7. Opiate addicts who try to manage their addiction with “willpower” rarely have more than 60-90 days of sobriety.  The majority of those people relapse in less than 30 days.  The people who truly succeed in overcoming their addiction are those who work hard to stay in recovery every day for the rest of their lives.

There were no easy or comforting words that can be offered to an opiate addict without minimizing the dangers of their addiction or the importance of committing to recovery.  Too many people underestimate the severity of an addiction to painkillers because they are legal drugs.  We must all realize that opiate addiction is truly a national crisis.  We must help people break free of this addiction that is destroying so many families, so many futures and so many lives.

Call 888-777-1098 or click here to get help now.

I don’t like to voice criticism of other rehab programs.  Every business has some players that are focused more on making money than providing quality service.  But when there are lives being hurt, it’s time to speak out.

This morning I was contacted by a mother who was frantic following a phone call from her daughter.  Almost a year ago her daughter had been the victim of a brutal sexual assault.  She experienced nightmares, panic attacks and lived in constant fear.  After privately wrestling with the aftermath of her abuse for more than six months, the daughter started to self-medicate with drugs, progressing to the occasional use of heroin.  Now she desperately wanted to go to rehab, get clean, and address the mental demons that were ruining her life.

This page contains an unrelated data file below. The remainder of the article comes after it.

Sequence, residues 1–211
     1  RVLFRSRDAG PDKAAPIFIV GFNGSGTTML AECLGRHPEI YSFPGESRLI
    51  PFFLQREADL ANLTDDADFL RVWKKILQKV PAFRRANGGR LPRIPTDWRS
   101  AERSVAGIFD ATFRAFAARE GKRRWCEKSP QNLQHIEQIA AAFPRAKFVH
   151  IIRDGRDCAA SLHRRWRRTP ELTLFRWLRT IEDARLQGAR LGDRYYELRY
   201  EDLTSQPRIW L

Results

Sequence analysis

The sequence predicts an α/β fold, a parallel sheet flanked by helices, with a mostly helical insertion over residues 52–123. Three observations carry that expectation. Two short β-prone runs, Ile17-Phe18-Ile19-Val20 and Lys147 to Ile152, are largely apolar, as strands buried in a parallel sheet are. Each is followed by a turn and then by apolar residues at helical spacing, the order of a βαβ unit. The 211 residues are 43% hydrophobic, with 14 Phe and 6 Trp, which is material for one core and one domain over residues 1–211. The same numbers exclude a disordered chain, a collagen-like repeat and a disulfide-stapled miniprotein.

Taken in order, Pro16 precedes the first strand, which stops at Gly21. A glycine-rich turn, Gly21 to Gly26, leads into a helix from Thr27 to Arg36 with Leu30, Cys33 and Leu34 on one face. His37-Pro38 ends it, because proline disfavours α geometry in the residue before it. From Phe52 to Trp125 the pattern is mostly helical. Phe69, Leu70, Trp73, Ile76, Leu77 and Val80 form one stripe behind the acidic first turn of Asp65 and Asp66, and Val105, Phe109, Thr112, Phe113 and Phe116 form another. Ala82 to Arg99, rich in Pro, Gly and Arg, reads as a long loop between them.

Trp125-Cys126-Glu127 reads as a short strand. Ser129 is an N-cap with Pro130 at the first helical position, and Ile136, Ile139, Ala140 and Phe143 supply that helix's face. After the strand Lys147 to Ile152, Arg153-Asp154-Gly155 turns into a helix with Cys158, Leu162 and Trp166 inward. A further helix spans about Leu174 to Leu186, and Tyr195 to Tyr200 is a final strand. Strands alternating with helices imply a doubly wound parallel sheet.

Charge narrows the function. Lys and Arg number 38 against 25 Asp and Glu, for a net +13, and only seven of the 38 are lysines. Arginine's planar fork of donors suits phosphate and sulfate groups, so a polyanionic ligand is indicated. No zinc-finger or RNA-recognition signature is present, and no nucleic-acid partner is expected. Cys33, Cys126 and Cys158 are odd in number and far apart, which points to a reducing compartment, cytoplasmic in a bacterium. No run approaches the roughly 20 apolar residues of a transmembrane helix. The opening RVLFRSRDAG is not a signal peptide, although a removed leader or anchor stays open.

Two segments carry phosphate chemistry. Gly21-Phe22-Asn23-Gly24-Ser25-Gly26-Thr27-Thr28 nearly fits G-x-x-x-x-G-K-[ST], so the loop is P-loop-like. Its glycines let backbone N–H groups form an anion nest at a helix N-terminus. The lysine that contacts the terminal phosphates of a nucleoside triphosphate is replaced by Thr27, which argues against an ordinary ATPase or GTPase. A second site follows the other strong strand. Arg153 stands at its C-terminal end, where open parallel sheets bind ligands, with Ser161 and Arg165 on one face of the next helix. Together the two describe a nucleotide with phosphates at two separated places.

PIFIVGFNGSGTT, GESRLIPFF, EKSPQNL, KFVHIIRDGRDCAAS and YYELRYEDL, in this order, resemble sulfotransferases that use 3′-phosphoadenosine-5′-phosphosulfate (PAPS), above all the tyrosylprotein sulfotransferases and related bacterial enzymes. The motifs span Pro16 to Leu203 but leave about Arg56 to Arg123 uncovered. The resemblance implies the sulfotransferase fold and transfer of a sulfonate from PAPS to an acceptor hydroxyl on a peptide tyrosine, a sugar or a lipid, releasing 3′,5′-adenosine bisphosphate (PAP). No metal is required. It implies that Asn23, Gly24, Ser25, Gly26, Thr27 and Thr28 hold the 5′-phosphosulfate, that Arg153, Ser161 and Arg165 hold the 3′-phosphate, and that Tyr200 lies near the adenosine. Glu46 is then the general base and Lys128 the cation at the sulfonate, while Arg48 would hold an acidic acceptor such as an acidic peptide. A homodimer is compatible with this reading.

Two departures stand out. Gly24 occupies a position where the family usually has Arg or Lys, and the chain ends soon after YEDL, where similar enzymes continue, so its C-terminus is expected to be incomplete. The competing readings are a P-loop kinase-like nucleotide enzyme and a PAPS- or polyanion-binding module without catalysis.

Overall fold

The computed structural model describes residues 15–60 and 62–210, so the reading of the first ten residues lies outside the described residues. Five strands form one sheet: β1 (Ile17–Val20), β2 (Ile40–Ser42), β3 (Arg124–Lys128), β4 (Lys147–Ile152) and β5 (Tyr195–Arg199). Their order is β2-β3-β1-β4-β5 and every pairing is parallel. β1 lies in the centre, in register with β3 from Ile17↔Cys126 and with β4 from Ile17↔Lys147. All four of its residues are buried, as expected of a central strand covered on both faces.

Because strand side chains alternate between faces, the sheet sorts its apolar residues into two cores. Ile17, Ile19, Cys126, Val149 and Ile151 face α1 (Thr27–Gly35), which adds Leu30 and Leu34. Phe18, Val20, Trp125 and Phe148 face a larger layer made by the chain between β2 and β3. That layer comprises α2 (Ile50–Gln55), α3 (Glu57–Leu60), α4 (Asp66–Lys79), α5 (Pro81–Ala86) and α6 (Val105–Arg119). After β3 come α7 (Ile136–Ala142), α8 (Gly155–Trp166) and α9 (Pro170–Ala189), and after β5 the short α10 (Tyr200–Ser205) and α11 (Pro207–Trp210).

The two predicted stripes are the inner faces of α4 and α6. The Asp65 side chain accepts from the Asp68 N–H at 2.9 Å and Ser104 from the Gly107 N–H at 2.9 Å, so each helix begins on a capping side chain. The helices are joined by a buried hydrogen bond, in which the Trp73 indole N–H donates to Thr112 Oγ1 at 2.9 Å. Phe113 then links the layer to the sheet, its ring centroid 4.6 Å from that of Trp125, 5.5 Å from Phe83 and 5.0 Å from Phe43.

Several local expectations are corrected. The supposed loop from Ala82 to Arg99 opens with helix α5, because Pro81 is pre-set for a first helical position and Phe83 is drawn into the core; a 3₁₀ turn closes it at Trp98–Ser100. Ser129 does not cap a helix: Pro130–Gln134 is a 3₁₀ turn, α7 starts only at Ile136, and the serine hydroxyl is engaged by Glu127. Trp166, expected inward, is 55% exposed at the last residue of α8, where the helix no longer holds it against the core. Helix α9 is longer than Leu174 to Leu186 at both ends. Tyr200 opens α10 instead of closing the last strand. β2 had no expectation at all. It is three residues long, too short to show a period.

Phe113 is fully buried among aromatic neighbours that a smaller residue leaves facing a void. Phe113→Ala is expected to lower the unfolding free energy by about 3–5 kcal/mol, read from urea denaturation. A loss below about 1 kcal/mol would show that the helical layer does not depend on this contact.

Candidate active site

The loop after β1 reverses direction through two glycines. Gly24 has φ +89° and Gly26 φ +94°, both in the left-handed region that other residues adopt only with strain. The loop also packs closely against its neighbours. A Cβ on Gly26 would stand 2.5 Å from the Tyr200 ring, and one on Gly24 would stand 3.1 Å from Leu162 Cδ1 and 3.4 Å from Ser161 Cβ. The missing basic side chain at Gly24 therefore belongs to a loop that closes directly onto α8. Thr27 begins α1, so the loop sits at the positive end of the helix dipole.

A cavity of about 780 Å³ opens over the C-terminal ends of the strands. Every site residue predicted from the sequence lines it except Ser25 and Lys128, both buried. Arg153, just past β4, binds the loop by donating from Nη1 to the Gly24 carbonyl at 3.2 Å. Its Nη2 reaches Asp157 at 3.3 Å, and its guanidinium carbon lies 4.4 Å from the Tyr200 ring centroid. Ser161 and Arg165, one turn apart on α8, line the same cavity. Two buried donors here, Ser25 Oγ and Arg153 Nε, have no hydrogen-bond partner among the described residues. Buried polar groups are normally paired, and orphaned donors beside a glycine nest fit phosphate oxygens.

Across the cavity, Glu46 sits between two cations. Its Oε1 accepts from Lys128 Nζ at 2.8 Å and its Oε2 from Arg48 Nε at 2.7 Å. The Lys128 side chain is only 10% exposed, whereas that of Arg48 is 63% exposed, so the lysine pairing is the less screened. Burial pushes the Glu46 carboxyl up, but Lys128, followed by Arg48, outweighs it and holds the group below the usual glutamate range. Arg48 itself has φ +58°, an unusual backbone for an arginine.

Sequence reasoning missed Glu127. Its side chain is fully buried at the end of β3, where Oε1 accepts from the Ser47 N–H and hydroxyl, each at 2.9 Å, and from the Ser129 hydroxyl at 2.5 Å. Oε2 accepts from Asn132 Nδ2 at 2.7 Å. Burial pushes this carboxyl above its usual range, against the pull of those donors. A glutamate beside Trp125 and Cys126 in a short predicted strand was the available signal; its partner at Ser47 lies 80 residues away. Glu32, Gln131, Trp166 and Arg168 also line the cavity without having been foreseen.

Our drug & alcohol rehab center is a great place for recovery

The rehab facility she went to claimed expertise in addressing mental health conditions, but the staff working with her had no advanced training in mental health.  The therapist assigned to help her address the issues arising from the sexual assault was a young male with a bachelor’s degree who would see her for less than one hour each week.  The principal therapy would be mixed discussion groups, where most of the participants were court mandated, selecting rehab rather than going to jail.  And to make matters worse, the staff was recommending that the best treatment for her brief heroin use, (she was no longer abusing opiates), should be a long-term methadone program that would start immediately.

This type of “treatment” makes me angry.  Significant co-occurring mental and emotional conditions — such as those resulting from an assault — demand compassionate, one-on-one therapy with a skilled professional.  People should not be forced to share deeply personal thoughts and feelings before a group, unless they feel strong enough to deal with the inevitable anxiety and pain.  Methadone has a very poor record of success, and should never be used to treat someone who does not have a chronic history of drug abuse.

My hope is that greater integrity comes to all aspects of the addiction treatment industry.  Addicts and alcoholics are people suffering from a progressive, chronic and potentially deadly disease.  They deserve our best efforts and great compassion.  They should expect professional competence and advice that is serving their best interests.  May a desire to heal always be the motivation behind our daily work.